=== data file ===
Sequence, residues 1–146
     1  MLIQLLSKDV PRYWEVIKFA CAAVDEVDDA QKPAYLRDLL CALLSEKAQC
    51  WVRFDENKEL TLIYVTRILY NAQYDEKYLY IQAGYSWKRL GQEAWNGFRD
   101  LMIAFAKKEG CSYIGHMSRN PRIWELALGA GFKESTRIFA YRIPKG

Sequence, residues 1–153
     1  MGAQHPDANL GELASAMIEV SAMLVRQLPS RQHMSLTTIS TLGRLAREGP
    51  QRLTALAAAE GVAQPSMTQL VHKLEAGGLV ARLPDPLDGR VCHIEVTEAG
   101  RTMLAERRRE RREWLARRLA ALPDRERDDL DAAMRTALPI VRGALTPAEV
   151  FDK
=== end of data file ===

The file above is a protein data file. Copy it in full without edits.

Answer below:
Sequence, residues 1–146
     1  MLIQLLSKDV PRYWEVIKFA CAAVDEVDDA QKPAYLRDLL CALLSEKAQC
    51  WVRFDENKEL TLIYVTRILY NAQYDEKYLY IQAGYSWKRL GQEAWNGFRD
   101  LMIAFAKKEG CSYIGHMSRN PRIWELALGA GFKESTRIFA YRIPKG

Sequence, residues 1–153
     1  MGAQHPDANL GELASAMIEV SAMLVRQLPS RQHMSLTTIS TLGRLAREGP
    51  QRLTALAAAE GVAQPSMTQL VHKLEAGGLV ARLPDPLDGR VCHIEVTEAG
   101  RTMLAERRRE RREWLARRLA ALPDRERDDL DAAMRTALPI VRGALTPAEV
   151  FDK